Digital threat detection isn’t as easy as it was more than a decade ago. The threat landscape no longer evolves slowly in pace with signature-based malware. It moves quickly and thereby complements the rate at which new software flaws are discovered and computer criminals exploit those weaknesses to compromise vulnerable systems.
At the same time, advanced persistent threats (APTs) render pattern-based approaches and blacklisting less effective in developing protections for a wide pool of users. That’s because APTs customize their malware to hone in on a single target. In response to a one-target campaign, more traditional detection methods can’t use a “patient zero” to help secure others.
Attackers also have access to an increasingly diverse arsenal of sophisticated tools that they can use to remotely control systems, steal corporate data, and evade detection. For instance, bad actors can make use of zero-day threats and social engineering to bypass organizations’ layers of security. They can then hide within plain sight amidst the noise of innumerable security events and carry out their malicious activity.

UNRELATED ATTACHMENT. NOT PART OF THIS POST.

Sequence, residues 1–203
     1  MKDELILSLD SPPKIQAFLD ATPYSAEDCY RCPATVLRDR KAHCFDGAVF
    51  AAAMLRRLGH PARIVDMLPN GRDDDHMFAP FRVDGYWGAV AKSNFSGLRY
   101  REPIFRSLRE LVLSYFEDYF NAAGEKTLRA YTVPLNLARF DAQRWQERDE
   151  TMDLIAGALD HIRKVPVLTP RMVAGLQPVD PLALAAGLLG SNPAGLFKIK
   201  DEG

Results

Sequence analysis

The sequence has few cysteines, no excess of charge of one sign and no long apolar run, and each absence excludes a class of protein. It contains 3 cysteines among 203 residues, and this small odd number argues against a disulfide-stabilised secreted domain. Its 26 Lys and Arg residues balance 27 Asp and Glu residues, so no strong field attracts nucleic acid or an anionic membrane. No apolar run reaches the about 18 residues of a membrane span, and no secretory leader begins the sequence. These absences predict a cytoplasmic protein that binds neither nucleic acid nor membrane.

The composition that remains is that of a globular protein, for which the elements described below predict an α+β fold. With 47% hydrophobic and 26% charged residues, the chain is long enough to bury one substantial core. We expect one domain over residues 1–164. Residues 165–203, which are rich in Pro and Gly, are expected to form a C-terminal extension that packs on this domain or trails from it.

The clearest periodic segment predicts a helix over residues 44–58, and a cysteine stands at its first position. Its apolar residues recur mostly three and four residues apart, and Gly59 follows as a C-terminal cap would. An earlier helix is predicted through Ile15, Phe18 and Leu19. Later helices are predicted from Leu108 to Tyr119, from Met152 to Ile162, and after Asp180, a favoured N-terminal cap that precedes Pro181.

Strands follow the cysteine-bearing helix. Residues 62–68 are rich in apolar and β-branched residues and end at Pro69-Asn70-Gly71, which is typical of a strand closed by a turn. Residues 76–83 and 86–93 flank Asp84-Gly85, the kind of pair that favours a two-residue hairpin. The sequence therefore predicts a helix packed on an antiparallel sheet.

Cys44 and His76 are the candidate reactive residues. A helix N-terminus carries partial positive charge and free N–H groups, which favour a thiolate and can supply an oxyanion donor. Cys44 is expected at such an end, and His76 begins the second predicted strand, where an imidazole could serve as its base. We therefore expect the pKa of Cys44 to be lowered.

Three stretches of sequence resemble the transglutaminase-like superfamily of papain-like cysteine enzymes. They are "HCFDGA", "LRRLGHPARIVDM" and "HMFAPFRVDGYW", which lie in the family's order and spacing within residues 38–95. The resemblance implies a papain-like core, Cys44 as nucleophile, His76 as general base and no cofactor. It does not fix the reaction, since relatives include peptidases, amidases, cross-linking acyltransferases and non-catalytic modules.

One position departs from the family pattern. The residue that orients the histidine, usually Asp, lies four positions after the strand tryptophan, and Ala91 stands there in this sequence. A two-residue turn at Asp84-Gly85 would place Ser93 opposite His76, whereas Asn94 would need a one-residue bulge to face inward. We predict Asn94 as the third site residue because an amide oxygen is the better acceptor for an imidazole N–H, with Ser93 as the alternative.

The speed, sophistication, and stealth of digital threats today reframe detection as a “downstream” or reactive approach to security. Organizations can no longer rely on detection alone to fully protect themselves. They need something more.
That’s where foundational prevention comes in.
Foundational prevention is a proactive approach that enterprises can use to block computer criminals and limit their nefarious activity. It helps organizations identify the systems on their networks, determine if they can harden them, and detect when changes have occurred. Foundational prevention underscores these three objectives with its focus on foundational security controls such as asset discovery, security configuration management (SCM), file integrity monitoring (FIM), vulnerability management (VM), and log management.
Here’s how foundational prevention picks up where traditional detection leaves off:
1. Centers on Reducing (Read more...)
This is a Security Bloggers Network syndicated blog post authored by David Bisson. Read the original post at: The State of Security